African Ancestry or Neanderthal-Human Genetic Admixture in Eurasians? African Diversity Matters.
Neanderthal and Denisovan genetic admixture with Eurasian modern humans, and a "signature" of Neanderthal admixture in African populations, are widely accepted "facts". Inferences of admixture are based mainly on the assumption that Yoruba, San and/or Pygmy populations contain all African genetic variation. Variants shared among Neanderthals and modern Eurasians, but not present in these Africans, are assumed to reflect 2-4% admixture. However, genetic diversity and geographic structure are greater in Africa than Eurasia, so small samples are inadequate. Non-African ancestry lies in northern and eastern Africa. Therefore, excluding northeast African genomes automatically identifies them as "admixed" rather than as descendants of the common ancestors of Eurasians and northern/eastern Africans. For example, the Maasai of Kenya appear to have 1-3% neanderthal admixture. How much would inferred archaic admixture with Eurasians be reduced by including Eastern and Northern Africans in admixture analyses? Adding Dinka from South Sudan to Yoruba and Pygmy data sets reduces Neanderthal admixture in modern French genomes from 2% to 1.3%. Conversely, using only Yoruba or Pygmy genomes increases estimates of Neanderthal admixture in Eurasians. Admixture should be considered unproven until more populations are used to ascertain African genomic diversity, and the alternative hypothesis of common ancestry is evaluated.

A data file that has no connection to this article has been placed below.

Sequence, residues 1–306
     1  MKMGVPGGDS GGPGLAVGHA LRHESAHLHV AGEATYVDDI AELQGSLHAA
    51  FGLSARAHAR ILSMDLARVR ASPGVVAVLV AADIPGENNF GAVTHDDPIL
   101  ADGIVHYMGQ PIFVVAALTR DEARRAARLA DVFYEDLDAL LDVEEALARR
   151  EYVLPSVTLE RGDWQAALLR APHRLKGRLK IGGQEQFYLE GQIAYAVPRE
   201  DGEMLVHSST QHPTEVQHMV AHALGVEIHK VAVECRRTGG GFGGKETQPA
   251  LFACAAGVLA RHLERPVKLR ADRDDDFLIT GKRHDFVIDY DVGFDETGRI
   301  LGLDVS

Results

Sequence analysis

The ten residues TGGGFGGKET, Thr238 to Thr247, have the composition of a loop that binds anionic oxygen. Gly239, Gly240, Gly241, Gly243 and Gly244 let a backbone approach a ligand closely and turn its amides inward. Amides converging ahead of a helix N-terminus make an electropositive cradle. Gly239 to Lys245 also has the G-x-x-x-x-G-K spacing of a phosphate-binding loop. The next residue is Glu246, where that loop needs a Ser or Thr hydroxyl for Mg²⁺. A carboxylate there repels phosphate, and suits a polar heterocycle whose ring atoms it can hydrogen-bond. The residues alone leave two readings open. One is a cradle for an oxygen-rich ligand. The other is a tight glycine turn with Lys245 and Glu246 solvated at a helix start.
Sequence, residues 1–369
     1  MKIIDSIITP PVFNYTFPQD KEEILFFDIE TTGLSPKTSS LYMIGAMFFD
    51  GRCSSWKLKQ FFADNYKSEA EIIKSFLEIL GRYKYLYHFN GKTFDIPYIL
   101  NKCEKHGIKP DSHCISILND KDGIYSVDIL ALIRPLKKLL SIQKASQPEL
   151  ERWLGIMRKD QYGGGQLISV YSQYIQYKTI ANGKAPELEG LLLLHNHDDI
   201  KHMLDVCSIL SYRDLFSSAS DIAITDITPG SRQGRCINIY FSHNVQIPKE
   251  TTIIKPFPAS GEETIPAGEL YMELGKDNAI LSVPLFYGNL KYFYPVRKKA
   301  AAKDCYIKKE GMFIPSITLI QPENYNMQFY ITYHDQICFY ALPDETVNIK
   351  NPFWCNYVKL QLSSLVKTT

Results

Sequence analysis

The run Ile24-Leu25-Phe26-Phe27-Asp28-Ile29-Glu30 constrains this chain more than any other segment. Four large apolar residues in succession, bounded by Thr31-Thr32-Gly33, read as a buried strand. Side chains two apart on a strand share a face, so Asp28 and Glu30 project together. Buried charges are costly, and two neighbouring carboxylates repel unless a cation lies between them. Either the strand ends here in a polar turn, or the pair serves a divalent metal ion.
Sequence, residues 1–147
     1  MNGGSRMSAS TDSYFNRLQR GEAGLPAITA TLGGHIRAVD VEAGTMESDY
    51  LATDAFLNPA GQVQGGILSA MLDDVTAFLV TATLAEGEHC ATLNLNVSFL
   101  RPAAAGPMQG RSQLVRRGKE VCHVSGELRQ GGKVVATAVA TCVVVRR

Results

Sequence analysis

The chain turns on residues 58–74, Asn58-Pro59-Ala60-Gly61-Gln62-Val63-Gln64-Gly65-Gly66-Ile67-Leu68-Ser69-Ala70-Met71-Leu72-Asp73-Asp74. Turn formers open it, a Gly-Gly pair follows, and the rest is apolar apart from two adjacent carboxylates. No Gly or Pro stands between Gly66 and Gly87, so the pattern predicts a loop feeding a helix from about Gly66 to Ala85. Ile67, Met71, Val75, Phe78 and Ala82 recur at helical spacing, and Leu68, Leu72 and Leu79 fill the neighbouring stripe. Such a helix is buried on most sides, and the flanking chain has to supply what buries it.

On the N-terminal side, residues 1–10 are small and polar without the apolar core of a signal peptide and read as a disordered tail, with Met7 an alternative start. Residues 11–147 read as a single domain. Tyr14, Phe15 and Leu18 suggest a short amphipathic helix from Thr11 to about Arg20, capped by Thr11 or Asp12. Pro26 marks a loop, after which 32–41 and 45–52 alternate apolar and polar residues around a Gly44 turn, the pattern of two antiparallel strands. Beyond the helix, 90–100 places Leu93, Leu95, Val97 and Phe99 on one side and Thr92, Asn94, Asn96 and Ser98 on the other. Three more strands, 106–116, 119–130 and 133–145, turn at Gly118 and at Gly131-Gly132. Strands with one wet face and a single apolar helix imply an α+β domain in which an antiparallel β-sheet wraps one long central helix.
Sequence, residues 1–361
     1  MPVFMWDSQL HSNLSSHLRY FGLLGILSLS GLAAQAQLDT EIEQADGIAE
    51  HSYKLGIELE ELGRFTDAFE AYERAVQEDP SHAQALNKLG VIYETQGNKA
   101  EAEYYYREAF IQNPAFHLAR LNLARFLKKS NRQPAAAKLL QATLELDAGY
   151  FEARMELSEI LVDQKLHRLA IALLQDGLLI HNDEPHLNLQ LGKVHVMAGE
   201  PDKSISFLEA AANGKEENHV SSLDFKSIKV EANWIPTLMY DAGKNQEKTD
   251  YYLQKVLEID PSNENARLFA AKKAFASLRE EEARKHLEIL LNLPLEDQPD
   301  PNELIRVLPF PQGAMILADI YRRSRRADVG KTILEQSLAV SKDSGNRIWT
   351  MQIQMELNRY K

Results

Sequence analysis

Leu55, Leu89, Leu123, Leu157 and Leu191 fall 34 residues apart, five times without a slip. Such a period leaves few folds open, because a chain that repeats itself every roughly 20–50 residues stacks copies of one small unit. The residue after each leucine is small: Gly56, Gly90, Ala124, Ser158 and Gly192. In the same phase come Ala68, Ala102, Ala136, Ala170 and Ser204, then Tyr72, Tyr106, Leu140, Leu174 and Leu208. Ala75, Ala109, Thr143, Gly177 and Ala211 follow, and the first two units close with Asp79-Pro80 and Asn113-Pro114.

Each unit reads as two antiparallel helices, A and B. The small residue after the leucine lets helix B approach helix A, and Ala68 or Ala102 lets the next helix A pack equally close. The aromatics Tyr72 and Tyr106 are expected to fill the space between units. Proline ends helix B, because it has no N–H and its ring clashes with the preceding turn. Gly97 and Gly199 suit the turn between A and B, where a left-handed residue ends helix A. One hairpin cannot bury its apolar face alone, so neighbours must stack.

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African Ancestry or Neanderthal-Human Genetic Admixture in Eurasians? African Diversity Matters.. Stanley Ambrose, Jibril Hirbo. Presented at The 81st Annual Meeting of the Society for American Archaeology, Vancouver, British Columbia. 2017 ( tDAR id: 429303)
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min long: -18.809; min lat: -38.823 ; max long: 53.262; max lat: 38.823 ;
Abstract Id(s): 16040